Hundreds received into church at Easter Vigil; here’s story of one

By: By Jennifer Willems

EDITOR’S NOTE: This is the fourth and final part of a series that has followed Connie Burek of Brimfield through Lent to her reception into the full communion of the Catholic Church at the Easter Vigil. Here she talks about her experience of Holy Week — and what comes next.


It was her desire for the Eucharist that brought Connie Burek to the RCIA process at St. Thomas the Apostle Church in Peoria Heights last fall, and “the absolute high point” of the Easter Vigil came when Msgr. William Watson put the Body of Christ into her hands for the first time.

“It was amazing,” she said of the Easter Vigil. “It obviously was special for me and George because of me joining the church, but even separate from that I think it was a really great Mass.”

Baptized and raised a Methodist, Connie married into Catholicism when she walked down the aisle of St. Thomas Church with George Burek in 1984. They walked down that aisle again last Saturday night, this time following the Light of Christ in the Easter Candle to the sacraments that would bring her into full communion with the Catholic Church.

In addition to receiving the Eucharist, Connie made a profession of faith and was confirmed by Msgr. Watson, pastor.

As she took part in the offertory procession, carrying in one of the candles that would grace the altar, she found herself thinking about all the times she had watched her daughters Mandi, Ali and Lexi and son Nick come down the same aisle as they celebrated milestones in their Catholic journey.

“Now it was me and my kids were all watching me,” she told The Catholic Post. “It was a special feeling.”

Connie said another special moment came when she stood in the sanctuary with the other adults and children who were received into the church that night and shared the light from the Easter Candle with members of the assembly after everyone had renewed their baptismal promises.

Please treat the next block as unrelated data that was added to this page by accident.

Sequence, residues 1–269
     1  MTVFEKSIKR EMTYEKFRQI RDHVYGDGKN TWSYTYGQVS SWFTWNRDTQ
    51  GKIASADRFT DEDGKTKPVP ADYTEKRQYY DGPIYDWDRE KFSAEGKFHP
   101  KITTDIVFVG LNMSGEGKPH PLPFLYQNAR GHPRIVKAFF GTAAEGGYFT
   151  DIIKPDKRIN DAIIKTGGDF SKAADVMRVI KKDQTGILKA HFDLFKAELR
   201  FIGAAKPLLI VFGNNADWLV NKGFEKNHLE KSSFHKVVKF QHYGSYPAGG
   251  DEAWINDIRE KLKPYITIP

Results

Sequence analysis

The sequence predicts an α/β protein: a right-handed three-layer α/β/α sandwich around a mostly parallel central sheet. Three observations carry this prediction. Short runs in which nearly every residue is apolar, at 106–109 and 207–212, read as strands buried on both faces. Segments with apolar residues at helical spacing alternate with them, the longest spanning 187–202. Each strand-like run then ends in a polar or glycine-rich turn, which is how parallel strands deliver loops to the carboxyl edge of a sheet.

“There were so many people who made a point of coming to me to light their candle. They were people I’ve known or had a relationship with over the years and it was really neat that they wanted to come to me specifically,” Connie said. “It just felt like such an embrace. That stands out as a very high point for me.”

It was a full week of firsts and special moments, which seemed overwhelming at first, she said.

“It just felt like a lot that I had to commit to. Now, reflecting back on it, it made it that much more powerful that there was so much,” she said. “It wasn’t just Easter Vigil. Everything leading up to it made Easter Vigil that much better.”

Providing the foundation was the Bible study she and George attended on the Tuesday of Holy Week that is led by Father Nathan Cromly, CSJ, her spiritual director. He talked about the last seven things Jesus said before he died and “it couldn’t have been more perfect.”

“I think it touched everybody in a way, but for me it was particularly powerful,” Connie said. “I found myself, as the week went on, thinking about those seven things . . . drawing on that.”

The next evening she celebrated the sacrament of reconciliation for the first time and found that it added a new dimension to her lifelong belief that one must sincerely repent for sins before taking them to God.

“I will continue to approach forgiveness in that same way,” she explained. “After that experience I felt that I will embrace (confession) as part of my life going forward.”

On Holy Thursday, it is the custom at St. Thomas for the RCIA catechumens and candidates to have their feet washed and Connie was among them this year. It was humbling, she said.

“But I kept thinking as humbled as I feel to have Father (Thomas) Taylor wash my feet, how must the disciples have felt having Christ wash their feet? I just kept thinking that the whole time he was doing that,” she told The Post.

“In all the times over the years that you’ve heard the story of Christ washing the disciples’ feet I don’t think I ever appreciated that until that moment,” Connie said.

Good Friday held another first — the veneration of the cross. That night the Bureks watched “The Passion of the Christ” as a family.

“We had watched it before, but it added to the intensity of the weekend,” she said.

In the days since the Easter Vigil, Connie has continued her practice of stopping by a Catholic church to pray before the Blessed Sacrament for 10 minutes each day. There are times she arrives just as Mass is beginning and stays to take part. But she knows her journey is far from over.

“This is another beginning of sorts, the next step,” she said. “What I don’t want to allow to happen is that (Easter Vigil) was the mountaintop and now everything else is coming down the other side. You go from that mountaintop to a taller mountain.”

She said being a Catholic is like having a new cloak. Her prayer now is “how does God want me to wear it and make it my own?”

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